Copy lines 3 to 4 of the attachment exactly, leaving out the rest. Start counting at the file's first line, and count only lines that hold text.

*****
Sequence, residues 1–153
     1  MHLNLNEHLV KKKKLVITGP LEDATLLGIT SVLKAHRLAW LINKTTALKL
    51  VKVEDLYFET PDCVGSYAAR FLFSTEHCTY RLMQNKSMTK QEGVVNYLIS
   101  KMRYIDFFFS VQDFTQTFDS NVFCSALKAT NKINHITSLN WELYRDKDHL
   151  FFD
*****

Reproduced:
    51  VKVEDLYFET PDCVGSYAAR FLFSTEHCTY RLMQNKSMTK QEGVVNYLIS
   101  KMRYIDFFFS VQDFTQTFDS NVFCSALKAT NKINHITSLN WELYRDKDHL